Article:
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LDM100: SF

October 6, 2010 — The kick off for the LDM100 tour at San Francisco's Litquake was nothing short of spectacular, with a wild centurial finale that saw Jason Bayani outduel fellow finalist Kari Kiernan 11-6 in a 100-second book stack competition that changed the face of literature forever. 

But well before the two finalists did bookish battle at Elbo Room, the night started off with LDM SF co-producer Alia Volz introducing Kiernan, who led off the evening with a  piece hilariously contemplating her high school experience. The tittering crowd was then hushed by a supremely moving piece by David Corbett (Do They Know I'm Running?), who told the story of going to a prison to read the point blank tale of Corbett’s wife losing her battle with cancer. 

The mic was then handed over to a trio of all-star judges like none other, with Pulitzer Prize winners Jane Smiley (Private Life) and cartoonist Mark Fiore setting the stage for SF’s premiere comedian, W. Kamau Bell. About Kiernan, a tipsy Smiley announced her story “was funny, but the subject matter wasn’t funny, so that was good.” The judges then responded to Corbett, with Fiore drawing up a picture of Corbett as an inmate, and Bell opening his comments with, “I thought that story was hilarious!” to shocked and raucous applause. 

The judges then huddled before making the difficult decision of naming Kiernan the night’s first finalist. 

After intermission, the second round began with LDM SF co-producer M.G. Martin introducing performance poet Jason Bayani, who went off the page to deliver a series of poems — one about how loving white friends can cause real pain — that had the wowed crowd in throes. Then up stepped legendary music critic Joel Selvin (Smart Ass: The Music Journalism of Joel Selvin), who delved, very briefly, into a piece about Merle Haggard.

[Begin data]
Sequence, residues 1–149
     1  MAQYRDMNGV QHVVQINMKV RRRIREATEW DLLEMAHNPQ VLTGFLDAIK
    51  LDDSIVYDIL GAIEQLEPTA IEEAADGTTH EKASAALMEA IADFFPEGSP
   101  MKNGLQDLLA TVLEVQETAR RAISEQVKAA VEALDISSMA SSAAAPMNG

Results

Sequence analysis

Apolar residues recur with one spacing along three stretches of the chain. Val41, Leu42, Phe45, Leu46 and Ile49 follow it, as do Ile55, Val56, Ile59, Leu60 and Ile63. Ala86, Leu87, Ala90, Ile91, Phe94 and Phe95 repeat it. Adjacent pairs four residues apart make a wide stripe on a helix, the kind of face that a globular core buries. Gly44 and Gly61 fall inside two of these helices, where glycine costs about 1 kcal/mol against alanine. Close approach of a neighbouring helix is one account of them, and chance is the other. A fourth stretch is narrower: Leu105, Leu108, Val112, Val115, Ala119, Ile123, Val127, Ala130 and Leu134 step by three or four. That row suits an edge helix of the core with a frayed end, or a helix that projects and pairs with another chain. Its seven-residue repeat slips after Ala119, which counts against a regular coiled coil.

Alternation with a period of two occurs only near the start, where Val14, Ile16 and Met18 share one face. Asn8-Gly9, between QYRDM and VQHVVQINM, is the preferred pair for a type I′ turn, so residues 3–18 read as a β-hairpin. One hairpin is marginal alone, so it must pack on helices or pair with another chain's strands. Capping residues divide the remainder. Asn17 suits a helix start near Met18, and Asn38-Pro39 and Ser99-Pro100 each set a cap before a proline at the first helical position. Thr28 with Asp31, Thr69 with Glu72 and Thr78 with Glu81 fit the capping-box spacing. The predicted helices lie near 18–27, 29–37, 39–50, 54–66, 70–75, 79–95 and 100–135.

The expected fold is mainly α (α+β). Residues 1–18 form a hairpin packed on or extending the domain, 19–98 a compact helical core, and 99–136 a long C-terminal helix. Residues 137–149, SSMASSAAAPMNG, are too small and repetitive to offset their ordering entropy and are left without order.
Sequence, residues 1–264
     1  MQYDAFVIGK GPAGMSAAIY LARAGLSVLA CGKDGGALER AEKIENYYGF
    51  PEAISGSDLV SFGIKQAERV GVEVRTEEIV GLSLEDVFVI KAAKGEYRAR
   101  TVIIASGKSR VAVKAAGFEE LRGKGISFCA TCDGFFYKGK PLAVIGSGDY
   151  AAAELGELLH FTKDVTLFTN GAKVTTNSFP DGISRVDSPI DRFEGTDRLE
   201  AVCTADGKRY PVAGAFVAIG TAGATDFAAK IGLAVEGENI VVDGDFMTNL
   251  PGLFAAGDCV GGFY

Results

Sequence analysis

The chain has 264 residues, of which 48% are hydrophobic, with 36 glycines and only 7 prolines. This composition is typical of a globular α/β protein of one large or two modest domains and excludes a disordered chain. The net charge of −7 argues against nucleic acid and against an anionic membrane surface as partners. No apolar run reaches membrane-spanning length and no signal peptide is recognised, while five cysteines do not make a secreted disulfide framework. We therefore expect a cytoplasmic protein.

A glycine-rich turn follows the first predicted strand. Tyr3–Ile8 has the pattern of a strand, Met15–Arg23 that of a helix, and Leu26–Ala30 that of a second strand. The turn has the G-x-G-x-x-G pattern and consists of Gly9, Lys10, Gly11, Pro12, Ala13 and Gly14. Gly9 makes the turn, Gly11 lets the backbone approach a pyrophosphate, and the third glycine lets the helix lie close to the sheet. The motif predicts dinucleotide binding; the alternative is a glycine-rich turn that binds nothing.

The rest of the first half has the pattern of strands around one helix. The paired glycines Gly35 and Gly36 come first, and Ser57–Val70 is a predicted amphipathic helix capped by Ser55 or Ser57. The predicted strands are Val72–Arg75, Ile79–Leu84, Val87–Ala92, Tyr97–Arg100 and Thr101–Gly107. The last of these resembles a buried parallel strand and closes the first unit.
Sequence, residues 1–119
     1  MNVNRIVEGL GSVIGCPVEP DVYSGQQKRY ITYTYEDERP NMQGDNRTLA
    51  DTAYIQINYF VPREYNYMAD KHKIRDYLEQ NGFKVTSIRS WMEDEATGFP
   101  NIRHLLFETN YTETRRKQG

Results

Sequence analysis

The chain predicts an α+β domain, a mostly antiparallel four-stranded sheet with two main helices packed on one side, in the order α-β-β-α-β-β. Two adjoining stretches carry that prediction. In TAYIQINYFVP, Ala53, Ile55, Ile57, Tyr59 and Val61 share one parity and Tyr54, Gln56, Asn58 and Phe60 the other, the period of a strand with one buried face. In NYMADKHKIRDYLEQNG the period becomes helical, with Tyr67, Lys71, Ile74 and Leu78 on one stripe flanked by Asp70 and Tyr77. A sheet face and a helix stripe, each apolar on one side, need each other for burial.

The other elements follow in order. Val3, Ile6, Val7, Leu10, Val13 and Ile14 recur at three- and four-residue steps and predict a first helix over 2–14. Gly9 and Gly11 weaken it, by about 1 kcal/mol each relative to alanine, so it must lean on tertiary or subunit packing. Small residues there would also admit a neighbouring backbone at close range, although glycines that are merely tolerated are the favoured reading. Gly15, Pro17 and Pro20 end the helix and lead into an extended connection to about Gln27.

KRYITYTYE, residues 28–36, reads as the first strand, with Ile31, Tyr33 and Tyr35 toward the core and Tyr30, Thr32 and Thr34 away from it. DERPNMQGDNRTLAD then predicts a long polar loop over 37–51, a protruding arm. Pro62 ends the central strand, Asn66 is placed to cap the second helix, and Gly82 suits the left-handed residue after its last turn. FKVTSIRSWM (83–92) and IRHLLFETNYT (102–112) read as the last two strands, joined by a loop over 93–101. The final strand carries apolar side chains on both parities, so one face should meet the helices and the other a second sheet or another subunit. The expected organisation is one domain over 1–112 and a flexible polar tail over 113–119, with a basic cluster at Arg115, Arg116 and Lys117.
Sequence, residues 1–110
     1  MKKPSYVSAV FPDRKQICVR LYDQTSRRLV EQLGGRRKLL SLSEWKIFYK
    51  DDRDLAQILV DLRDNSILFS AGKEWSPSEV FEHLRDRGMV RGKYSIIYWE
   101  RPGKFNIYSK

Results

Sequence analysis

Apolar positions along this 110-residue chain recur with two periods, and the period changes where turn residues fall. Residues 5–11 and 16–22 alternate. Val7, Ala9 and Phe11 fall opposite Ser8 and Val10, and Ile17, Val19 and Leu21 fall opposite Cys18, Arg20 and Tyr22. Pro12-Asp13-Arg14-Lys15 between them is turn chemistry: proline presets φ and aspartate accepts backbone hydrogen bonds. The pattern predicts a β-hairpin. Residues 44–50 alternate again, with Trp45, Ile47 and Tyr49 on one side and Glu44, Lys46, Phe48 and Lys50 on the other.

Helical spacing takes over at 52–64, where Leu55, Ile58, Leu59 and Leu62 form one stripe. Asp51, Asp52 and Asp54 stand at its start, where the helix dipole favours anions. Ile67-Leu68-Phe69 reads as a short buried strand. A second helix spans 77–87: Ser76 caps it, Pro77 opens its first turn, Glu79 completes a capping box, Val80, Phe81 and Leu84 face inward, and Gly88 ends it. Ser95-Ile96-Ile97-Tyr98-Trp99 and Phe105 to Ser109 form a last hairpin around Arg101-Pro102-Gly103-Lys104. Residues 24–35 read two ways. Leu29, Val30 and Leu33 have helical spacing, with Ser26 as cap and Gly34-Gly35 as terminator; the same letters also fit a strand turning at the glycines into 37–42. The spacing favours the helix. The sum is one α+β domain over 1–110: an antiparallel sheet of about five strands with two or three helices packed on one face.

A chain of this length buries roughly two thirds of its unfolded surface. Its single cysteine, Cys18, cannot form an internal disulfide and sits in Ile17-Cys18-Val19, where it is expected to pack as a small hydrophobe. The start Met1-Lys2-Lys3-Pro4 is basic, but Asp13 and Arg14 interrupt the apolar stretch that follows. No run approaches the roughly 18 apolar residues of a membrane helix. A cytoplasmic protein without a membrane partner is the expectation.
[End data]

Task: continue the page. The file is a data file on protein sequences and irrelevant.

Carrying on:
The judges again took center stage. Smiley’s charmed critique had the audience tittering, and Fiore — who respondeded with a drawing of Bayani’s ear — and said he liked authors “that looked like they could kick his ass.” Because Selvin’s piece was so short, Fiore only had time to draw his tie and facial hair, while Bell admitted a new distaste for country music, even though he could now recite it, line and verse. 

After a painful deliberation, Fiore took the mic to pronounce Bayani as the night’s second finalist. 

Then came the Literary Death Match finale, in which 100 books from Green Apple Bookstore were spilled on the stage, and host Todd Zuniga responded to a cat call of “Take it off!” by removing his jacket, shirt, shoes and socks. Kiernan and Bayani were tasked with making the tallest stack of books within 100 seconds, but were first given safety goggles and work gloves, then asked to pick a teammate from the crowd. The teammates were each handed an array of “tossables” — a decapitated foam head, a plastic bat, and a gummi foot — to use to knock down the book towers the two finalists were constructing. The dramatic result: each tall stack was battered down at least once, Kiernan was struck in the neck by a flung gummi foot, the bats blindly missed the target each time, and when the timer ticked to zero, Bayani was declared champion by a score of11-6, winning him not only the Literary Death Match crown, but literary immortality. 

Reader Comments (3)

How many typos can you spot in this celebration of literacy? "Spoken word-genius"? Did anyone proofread this?

And how 'bout mixing a few metaphors? Last I heard, home runs were part of baseball, not death matches.

October 5, 2010 | Unregistered CommenterArthur

We tweaked at least one of the typos, but as for the baseball/lit line: seriously? Last I saw, the Giants were in the playoffs. A slight nod to that seemed fitting.

October 5, 2010 | Registered CommenterLiterary Death Match

wow arthur, u ar a souerputz and kneed two phind sum knew hobbiez...
(does this make sense to you, typos and all?)

October 6, 2010 | Unregistered Commenterjeez mr. jerkface

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